Water for Elephants

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Photo: Matthew Murphy

Cititour.com Review
Throughout “Water for Elephants,” the crowd-pleasing new musical directed by the talented Jessica Stone at the Imperial Theatre, there are amazing displays of acrobatic ability (mostly performed by the astounding members of the Canadian-based 7 Fingers), energetic down-home dances a la Michael Kidd and the periodic appearances of impressive animal “puppets.” Lions and tigers and elephants, oh my!

It’s all quite entertaining, but also a bit vexing, since these activities keep getting in the way of the show’s main plot. But eventually you realize that there’s not of lot a plot here, nor is it all that original (even if Sara Gruen’s 2006 novel which forms the basis for the musical, was a number one best seller, and the show’s book is by three-time Tony Award nominee Rick Elice). In fact, all the diversions simply add up to a major cause of coitus interruptus.

That said – and even though we are in the 1930s -- we never really doubt that the show’s “hero,” the 20-year-old almost-veterinarian Jacob Jankwoski (the handsome if slightly underpowered Grant Gustin) will eventually consummate his love with the beautiful if unhappy circus star Marlena (the extremely appealing Isabella McCalla) – even though she tries to remain faithful to her increasingly boorish and brutish husband, the circus’ owner and ringmaster August (the red-hot Paul Alexander Nolan in the show’s most mesmerizing performance).

We also know Jacob survives his brief time with the Benzini Circus, since the show is told – unnecessarily in my opinion – through a flashback structure, as the aging Jacob (an always welcome Gregg Edelman) escapes his assisted living facility and visits the current-day circus in town, relating his past to kindly and fascinated workers Charlie and June (also played by Nolan and McCalla).

They’re particularly interested to learn about the famed “animal stampede” that put an end to the Benzini circus in 1931, and – not a shocker – we all must wait until nearly the end of this 2-hour-and-40-minute tuner to find out what that phrase refers to. There’s also a present-day “twist” at the very end of the show, which many viewers will see a mile away.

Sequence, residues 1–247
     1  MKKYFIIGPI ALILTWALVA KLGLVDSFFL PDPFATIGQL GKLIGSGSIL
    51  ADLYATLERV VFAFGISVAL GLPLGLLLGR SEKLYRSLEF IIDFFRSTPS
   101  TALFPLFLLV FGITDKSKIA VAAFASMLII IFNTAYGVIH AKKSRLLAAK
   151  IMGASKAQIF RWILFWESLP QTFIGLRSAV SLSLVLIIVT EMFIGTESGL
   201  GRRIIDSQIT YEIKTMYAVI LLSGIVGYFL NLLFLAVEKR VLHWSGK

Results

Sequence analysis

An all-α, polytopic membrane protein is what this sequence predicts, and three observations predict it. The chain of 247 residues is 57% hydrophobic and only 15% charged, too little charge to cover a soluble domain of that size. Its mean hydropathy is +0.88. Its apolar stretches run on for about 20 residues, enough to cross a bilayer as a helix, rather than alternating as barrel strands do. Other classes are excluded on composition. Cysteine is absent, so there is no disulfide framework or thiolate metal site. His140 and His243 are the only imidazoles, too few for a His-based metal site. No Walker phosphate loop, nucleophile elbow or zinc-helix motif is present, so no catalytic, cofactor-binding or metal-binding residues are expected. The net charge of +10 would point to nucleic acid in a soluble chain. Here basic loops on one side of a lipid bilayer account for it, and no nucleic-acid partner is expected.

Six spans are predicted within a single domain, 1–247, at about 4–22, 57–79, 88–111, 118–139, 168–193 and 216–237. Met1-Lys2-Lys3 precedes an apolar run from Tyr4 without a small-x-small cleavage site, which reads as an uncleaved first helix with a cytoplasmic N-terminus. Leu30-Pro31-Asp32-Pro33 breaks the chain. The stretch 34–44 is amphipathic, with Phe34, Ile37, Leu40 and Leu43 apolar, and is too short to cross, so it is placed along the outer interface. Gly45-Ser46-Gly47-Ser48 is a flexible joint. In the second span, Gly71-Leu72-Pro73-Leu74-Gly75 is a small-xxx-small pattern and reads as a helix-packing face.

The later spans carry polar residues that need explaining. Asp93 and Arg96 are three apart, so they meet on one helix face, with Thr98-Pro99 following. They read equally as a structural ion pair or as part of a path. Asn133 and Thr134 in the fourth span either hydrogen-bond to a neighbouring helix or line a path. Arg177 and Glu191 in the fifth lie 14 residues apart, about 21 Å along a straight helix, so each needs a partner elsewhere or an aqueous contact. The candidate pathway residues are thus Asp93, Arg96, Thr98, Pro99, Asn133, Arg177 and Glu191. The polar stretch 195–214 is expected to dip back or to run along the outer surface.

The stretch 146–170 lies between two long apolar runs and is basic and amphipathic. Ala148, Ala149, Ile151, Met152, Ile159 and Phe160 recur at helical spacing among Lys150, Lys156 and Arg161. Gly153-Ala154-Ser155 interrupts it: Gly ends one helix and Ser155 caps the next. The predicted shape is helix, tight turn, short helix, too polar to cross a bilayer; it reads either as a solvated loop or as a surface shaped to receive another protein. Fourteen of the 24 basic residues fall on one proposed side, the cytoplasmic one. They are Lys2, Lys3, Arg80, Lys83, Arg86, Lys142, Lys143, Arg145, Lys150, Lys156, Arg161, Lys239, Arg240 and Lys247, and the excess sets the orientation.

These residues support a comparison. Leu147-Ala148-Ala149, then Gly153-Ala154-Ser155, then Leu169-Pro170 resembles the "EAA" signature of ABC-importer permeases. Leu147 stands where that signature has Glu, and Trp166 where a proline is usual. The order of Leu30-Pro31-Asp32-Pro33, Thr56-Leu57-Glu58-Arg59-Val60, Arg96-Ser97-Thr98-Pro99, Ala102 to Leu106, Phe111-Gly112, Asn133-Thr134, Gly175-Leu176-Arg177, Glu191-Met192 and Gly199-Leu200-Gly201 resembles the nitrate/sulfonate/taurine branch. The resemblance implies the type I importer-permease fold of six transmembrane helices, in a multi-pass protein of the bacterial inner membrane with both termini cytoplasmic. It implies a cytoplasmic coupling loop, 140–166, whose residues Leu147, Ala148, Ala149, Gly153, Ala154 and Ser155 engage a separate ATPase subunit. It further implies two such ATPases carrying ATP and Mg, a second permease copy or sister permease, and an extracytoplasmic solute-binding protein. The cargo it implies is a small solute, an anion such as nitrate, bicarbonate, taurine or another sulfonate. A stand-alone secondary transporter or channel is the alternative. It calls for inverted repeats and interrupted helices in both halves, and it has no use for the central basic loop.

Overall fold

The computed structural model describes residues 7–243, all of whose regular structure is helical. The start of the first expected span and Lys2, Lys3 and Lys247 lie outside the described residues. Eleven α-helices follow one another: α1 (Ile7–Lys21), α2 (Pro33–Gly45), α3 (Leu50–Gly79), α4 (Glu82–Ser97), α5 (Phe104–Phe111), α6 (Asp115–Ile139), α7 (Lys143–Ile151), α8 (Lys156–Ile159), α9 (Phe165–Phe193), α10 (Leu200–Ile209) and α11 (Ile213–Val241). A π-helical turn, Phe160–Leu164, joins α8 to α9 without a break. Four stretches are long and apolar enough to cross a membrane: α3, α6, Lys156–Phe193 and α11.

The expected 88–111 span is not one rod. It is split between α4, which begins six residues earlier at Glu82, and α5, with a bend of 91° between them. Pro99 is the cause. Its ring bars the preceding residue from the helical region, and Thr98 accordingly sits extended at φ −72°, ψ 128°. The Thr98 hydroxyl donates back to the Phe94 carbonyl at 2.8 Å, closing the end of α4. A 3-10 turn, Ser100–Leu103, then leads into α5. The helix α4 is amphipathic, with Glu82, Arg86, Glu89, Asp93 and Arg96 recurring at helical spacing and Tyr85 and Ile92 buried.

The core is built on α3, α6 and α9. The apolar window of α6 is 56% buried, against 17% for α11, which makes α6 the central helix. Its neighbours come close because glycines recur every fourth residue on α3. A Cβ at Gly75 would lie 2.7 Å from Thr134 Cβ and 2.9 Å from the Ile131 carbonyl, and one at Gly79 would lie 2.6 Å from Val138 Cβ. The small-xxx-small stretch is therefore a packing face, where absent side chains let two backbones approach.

In addition to the above-mentioned diversions, we do get a handful of fine songs by PigPen Theatre Company, including “The Road Don’t Make You Young,” “I Choose the Ride,” and “Go Home” that help pass the time, although audiences might expect a more expansive score than the one provided.

We’re also treated to very fine supporting performances by Stan Brown as the alcoholic if good-natured veteran worker Camel, Joe DePaul as the embittered clown Walter, Sara Gettelfinger as older and wiser stripper with a heart of gold Barbara, and Wade McCollum as August’s tough right-hand man Wade, who eventually gets his heart broken in its own way.

There’s also no faulting the work of the show’s creative team, notably co-choreographers Jessica Robb and Shana Carroll, set designer Takeshi Kata, costumer David Israel Reynoso and puppet designers Ray Westmore and JR Goodman (even if they owe an unacknowledged debt to Julie Taymor).

Given all this, it wouldn’t be fair to say that “Water for Elephants” is all wet. Unfortunately, it’s also far from being the greatest show on Earth.

By Brian Scott Lipton

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Open/Close Dates
Opening 3/21/2024
Closing Open-ended

Theatre Info
Imperial Theatre
249 West 45th Street
New York, NY 10036